Released: 2016, Transcending Obscurity
Reviewer: Peter Atkinson
After a three-year hiatus that began in 2010, Indian death metallers Third Sovereign essentially picked up where they'd left off in 2013, reforming with three-quarters of the previous lineup and one-time bassist Jonah, who had left in 2007. The break seems to be just what the band needed.
Fast forward to 2016, and Third Sovereign have finally released their second album, nearly a decade after their debut, Destined To Suffer. The live work – not to mention the songwriting and recording - the band have done since regrouping has made them a tighter, more professional unit and Perversion Swallowing Sanity makes for a brutally inspired follow up.
Save for the spoken intro “Sakei Ai Hla,” done in their native tongue, there's little to identify Third Sovereign as an “Indian metal” band. The intro soon yields to the heaving rumble and grim thematics of “Grave Of Humanity” and the band maintain that kind of sinister groove much of the rest of the way.
Their sound is familiar – but not overly so - and universal, recalling in particular Cannibal Corpse, Obituary, Vader and vintage Sepultura (pre-Roots). The quartet mix death metal and thrash with old school gusto yet grace it here with a clean but brash modern recording that accentuates guitarist Benjamin's chug-and-grind riffs, all of which makes for a great sounding finished product. But it could be from anywhere, and I guess that's the idea.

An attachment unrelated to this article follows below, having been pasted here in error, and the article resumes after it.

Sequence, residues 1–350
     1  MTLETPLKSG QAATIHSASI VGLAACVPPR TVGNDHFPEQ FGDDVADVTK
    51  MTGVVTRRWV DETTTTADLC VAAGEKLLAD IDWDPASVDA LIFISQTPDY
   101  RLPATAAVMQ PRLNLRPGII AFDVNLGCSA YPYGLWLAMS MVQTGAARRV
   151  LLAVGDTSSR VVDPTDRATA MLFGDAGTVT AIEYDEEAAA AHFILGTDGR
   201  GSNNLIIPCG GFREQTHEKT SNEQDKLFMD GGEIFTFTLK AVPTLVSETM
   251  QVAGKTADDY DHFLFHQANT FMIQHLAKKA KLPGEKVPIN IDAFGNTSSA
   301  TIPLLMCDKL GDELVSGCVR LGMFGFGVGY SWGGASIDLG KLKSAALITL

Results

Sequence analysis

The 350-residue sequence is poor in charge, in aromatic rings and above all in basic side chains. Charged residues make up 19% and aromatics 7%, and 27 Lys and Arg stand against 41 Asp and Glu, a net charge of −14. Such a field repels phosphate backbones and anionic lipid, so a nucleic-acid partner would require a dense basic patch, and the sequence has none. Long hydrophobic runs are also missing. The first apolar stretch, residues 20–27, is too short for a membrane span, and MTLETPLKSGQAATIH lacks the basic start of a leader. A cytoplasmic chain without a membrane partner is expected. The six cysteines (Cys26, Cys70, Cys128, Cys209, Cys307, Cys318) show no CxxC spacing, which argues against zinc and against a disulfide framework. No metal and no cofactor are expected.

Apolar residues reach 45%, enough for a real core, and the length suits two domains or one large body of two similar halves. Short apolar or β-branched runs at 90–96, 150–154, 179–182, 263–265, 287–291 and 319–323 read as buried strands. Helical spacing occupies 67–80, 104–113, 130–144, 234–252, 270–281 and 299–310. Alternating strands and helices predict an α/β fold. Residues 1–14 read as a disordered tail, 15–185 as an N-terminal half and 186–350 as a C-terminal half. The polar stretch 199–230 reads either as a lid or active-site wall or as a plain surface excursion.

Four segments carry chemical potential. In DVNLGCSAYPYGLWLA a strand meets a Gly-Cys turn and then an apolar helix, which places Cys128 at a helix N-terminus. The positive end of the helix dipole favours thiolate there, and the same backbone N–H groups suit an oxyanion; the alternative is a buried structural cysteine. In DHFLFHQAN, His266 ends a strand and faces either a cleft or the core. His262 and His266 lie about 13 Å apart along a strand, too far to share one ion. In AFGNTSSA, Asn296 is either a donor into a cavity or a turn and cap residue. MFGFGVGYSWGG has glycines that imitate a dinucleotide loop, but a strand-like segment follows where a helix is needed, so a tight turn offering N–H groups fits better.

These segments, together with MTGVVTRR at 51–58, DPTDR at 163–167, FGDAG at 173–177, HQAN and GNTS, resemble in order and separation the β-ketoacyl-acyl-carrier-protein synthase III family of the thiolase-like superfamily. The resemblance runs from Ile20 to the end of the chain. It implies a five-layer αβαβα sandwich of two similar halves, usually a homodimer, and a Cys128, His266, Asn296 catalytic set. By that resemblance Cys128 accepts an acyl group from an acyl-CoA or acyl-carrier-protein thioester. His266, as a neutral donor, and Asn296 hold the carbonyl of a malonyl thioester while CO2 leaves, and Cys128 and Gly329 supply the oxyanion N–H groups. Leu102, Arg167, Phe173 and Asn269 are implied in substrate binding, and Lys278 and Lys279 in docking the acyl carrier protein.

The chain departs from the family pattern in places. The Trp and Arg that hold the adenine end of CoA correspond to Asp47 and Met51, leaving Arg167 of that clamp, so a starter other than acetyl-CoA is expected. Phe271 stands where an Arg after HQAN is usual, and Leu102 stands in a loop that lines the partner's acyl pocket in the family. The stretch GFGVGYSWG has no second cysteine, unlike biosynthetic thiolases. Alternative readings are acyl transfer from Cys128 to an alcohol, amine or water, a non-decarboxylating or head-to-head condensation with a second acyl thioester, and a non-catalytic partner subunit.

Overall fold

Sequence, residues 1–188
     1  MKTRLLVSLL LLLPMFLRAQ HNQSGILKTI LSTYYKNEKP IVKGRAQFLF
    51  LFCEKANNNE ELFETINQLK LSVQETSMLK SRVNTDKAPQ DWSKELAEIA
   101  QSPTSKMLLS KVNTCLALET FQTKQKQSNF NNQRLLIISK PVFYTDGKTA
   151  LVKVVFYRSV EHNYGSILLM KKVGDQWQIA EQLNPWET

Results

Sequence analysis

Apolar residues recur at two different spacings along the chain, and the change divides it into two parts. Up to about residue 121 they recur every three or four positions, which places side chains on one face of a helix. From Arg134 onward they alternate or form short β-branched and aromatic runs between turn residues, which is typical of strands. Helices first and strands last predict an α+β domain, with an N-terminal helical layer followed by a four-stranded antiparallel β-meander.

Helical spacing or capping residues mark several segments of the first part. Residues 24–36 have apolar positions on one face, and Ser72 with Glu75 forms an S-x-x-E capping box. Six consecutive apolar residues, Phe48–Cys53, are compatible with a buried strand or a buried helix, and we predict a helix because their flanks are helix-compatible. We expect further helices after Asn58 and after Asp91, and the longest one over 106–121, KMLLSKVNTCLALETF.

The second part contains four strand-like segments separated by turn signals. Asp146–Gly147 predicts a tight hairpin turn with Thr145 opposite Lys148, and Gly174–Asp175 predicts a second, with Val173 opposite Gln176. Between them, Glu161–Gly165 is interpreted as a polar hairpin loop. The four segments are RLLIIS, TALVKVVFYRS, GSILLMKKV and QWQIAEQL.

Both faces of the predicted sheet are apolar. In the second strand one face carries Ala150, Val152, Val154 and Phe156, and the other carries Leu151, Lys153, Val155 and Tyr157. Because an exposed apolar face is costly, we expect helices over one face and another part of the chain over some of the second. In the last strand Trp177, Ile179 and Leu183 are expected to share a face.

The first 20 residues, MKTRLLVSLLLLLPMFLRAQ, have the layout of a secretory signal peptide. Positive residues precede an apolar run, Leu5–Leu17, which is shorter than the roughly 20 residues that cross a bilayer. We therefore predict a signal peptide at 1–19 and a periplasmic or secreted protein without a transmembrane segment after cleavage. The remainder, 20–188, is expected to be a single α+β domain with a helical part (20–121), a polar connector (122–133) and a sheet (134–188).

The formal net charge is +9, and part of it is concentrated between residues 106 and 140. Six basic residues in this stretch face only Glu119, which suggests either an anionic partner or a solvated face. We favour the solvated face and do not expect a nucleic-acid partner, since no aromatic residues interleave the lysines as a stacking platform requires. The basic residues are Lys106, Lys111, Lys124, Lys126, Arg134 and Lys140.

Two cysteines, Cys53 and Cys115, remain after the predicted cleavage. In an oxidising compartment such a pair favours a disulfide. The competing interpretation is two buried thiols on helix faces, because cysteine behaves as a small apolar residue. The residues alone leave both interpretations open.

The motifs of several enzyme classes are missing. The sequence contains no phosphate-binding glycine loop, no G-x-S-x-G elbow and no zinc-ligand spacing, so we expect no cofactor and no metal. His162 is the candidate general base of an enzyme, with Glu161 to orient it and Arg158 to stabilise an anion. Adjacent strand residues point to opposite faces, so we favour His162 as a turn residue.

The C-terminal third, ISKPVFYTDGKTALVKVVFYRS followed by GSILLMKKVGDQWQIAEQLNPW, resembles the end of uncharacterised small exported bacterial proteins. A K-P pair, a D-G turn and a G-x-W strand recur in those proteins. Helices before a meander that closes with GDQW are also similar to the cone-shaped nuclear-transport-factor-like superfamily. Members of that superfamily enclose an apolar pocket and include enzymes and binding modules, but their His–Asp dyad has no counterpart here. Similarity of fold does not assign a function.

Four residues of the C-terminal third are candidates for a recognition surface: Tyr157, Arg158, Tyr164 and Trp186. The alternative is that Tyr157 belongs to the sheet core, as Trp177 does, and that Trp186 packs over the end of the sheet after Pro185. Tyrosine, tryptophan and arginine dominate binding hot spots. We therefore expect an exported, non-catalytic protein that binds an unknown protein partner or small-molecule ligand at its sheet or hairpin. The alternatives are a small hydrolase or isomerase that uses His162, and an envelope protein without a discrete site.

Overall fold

Though there may be little in the way of obvious Indian influence, the band do bring plenty of their own personality into the proceedings, especially in frontman Vedant's off-kilter rasping cadence and Jonah's nimble bass runs on top of drummer Reuben's rivet gun-like tempos. The rhythmic contrast brings some welcome swing to tracks like “Slaughtering Mankind” or “Spawned With Guilt.”
As it is, Sanity is an impressive and imposing outing by a band that sound like they came back with a mission. They have made up for the lost time and really hit their stride here. The album deserves an audience beyond the Asian subcontinent, and I suspect it will get one as word starts getting out – which it appears to be, as evidenced by this – that Third Sovereign are a forced to be reckoned with.